Reality of Data Mining in the Real Business World
Published by : Industrial Automation
For businesses, data mining is used to discover patterns and relationships in the data in order to help make better business decisions. Data mining can help spot sales trends, develop smarter marketing campaigns, and accurately predict customer loyalty.
Examples of data mining in real-world business scenarios
Giant corporations and small and midsize businesses (SMBs) in all industries can benefit from data mining. The right data helps companies increase revenue, cut costs, and add customers.
Let's look at some real-world examples of how companies have converted data to dollars.
• The right follow-up strategy helped increase conversions by 40%: Envelopes.com was seeing potential customers routinely leave its website without completing their purchase, and was unsure when to send follow-up emails regarding abandoned carts. An analysis of data patterns revealed that emails sent 48 hours after a prospect left the website returned a higher conversion rate than follow-up emails sent 24 hours later.
• Improvements in product design and marketing drive market share: With most consumers preferring self-treatment for tooth sensitivity pain, a major CPG company wanted to improve the market share of its sensitivity products. The company hired a data analytics firm to mine data from multiple sources including social media and the company's own AWS database. They analyzed over 250,000 customer responses and identified three main factors directly affecting sales using text analytics, regression analysis, and other techniques.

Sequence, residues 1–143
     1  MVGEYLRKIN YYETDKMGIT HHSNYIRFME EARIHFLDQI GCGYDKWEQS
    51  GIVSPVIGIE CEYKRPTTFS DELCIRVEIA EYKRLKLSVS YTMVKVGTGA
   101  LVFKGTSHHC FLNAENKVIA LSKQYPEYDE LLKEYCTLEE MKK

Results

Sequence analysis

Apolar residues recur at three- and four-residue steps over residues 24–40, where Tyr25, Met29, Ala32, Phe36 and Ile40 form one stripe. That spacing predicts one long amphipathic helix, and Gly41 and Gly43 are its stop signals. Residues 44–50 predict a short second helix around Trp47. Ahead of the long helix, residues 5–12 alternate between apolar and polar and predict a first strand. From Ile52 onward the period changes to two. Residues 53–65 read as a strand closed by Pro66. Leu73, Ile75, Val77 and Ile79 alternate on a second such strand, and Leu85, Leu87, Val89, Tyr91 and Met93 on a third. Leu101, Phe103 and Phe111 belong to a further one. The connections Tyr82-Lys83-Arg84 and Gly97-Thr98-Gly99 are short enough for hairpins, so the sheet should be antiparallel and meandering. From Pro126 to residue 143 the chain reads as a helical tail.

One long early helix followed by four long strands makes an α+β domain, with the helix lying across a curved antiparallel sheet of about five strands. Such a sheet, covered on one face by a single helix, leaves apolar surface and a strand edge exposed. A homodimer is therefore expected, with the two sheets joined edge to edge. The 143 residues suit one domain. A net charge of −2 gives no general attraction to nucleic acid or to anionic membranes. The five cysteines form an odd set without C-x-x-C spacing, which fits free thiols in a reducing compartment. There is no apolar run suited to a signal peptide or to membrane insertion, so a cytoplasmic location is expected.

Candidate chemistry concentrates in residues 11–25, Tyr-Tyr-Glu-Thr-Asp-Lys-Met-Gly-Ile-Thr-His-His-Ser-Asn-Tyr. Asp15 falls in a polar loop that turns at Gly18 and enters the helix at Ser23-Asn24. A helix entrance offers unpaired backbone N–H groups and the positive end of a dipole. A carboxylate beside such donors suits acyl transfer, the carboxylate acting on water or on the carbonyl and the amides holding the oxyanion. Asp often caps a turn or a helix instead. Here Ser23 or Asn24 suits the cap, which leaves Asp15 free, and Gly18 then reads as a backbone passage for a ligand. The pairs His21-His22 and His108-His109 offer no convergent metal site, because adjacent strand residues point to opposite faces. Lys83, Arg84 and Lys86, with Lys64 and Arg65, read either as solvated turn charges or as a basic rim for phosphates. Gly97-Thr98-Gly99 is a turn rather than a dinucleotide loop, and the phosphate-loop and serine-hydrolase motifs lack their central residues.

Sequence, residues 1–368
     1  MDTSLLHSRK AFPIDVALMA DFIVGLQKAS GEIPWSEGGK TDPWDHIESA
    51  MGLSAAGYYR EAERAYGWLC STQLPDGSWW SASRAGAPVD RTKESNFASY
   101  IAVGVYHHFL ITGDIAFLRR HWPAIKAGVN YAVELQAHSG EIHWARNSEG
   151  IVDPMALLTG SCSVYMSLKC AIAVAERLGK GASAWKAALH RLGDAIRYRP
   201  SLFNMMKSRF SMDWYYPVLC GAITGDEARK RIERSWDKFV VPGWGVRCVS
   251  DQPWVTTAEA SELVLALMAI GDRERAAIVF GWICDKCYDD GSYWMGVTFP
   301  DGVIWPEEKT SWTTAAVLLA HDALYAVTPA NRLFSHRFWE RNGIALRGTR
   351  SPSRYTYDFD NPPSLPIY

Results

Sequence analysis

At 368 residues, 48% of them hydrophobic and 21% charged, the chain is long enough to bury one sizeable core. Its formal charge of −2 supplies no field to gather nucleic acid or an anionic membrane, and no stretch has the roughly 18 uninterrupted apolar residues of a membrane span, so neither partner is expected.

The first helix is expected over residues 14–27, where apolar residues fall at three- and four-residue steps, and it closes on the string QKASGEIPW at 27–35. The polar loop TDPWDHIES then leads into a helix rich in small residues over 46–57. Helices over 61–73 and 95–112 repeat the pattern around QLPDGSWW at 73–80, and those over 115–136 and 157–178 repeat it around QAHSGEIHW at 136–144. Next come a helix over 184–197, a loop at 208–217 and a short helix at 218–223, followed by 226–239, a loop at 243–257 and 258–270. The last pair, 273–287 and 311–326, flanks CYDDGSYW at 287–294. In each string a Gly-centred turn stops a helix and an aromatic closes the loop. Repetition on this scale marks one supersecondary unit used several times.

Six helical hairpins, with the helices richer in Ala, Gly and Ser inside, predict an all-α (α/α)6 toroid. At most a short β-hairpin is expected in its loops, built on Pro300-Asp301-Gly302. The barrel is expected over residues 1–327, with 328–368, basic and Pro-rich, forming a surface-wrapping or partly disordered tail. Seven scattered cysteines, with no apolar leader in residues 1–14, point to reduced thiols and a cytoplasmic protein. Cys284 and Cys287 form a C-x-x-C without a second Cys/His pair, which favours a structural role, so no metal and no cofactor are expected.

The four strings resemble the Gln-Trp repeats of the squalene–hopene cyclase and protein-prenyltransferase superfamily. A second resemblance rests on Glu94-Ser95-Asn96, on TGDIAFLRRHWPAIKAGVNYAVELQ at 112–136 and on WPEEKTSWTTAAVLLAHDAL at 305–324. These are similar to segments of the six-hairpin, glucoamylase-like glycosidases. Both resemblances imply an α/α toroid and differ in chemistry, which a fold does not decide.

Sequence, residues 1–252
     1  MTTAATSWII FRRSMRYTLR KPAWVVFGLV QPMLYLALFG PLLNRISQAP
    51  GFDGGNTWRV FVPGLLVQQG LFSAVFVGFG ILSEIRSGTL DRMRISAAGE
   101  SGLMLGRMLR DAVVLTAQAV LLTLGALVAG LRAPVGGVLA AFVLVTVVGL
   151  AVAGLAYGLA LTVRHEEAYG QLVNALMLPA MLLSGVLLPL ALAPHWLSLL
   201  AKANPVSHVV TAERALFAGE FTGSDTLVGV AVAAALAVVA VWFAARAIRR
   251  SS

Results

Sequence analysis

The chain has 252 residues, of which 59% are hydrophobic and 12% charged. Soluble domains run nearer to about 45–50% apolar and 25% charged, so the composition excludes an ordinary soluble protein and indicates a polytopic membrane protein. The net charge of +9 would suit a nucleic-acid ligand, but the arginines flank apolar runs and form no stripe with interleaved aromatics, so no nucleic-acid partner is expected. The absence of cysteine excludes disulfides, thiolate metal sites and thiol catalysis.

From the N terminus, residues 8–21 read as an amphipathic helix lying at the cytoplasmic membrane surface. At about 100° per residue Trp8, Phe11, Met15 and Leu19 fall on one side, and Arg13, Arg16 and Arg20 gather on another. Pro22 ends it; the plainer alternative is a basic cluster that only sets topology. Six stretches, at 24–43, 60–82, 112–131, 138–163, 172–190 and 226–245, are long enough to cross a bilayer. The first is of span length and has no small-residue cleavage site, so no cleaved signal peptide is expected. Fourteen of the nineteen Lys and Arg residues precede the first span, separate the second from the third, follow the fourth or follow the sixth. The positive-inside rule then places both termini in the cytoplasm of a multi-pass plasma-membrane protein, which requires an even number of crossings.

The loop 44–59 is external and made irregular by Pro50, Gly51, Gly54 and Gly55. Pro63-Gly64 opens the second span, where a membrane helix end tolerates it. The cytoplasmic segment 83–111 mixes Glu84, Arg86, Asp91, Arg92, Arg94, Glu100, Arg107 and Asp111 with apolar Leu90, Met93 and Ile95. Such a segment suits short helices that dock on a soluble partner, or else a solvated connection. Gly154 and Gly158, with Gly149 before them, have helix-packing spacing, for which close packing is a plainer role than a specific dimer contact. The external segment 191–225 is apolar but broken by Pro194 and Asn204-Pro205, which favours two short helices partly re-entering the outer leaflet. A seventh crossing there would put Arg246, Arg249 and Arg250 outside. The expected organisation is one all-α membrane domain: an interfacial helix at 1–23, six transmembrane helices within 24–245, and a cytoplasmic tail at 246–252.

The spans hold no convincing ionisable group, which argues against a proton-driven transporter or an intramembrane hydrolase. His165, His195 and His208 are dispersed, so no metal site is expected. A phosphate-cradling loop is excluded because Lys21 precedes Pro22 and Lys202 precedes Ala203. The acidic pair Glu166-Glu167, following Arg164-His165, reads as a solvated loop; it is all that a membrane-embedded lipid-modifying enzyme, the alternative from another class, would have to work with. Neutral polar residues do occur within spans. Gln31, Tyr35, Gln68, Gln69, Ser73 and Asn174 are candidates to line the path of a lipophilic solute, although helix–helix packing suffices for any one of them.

• Market basket analysis: Market basket analysis uses association rules to identify what items will likely be purchased by individual customers. Amazon's recommendation engine mines data from user history, purchased and abandoned carts, wish lists, referral sites, etc. to target customers with product advertisements they're most likely to click on and convert, thus driving sales.
Data mining trends and latest developments
While simple pattern detection and regression techniques have been widely used by businesses for a long time now, the large volume of unstructured data, scattered data sources, and poor data quality have made data mining challenges.
Here are some of the latest data mining trends and developments:
• Big data and multimedia data mining: Data comes in many forms—text data, audio files, images, and videos. Gathering this data, cleaning it, and running models require the latest tools such as text mining or speech analytics software.
• Security and privacy concerns: Data mining by gathering sensitive client details—often without necessary obtaining the necessary approval or sharing rights—has led to increased concerns about data security and privacy. Regulations such as GDPR have reduced the ways in which businesses can use and store consumer data.
• Distributed data mining: As data is stored in multiple locations and devices, sophisticated algorithms are being developed and used to mine data from these locations and generate reports.
• Geographic and spatial data mining: This type of data mining extracts geographic, environment, and astronomical data to reveal insights on topology and distance. This is especially useful for the travel, navigation, and government sectors.
Key data mining software applications include Alteryx, Grepsr, Mozenda, Periscope by Sisense, and RapidMiner among others.
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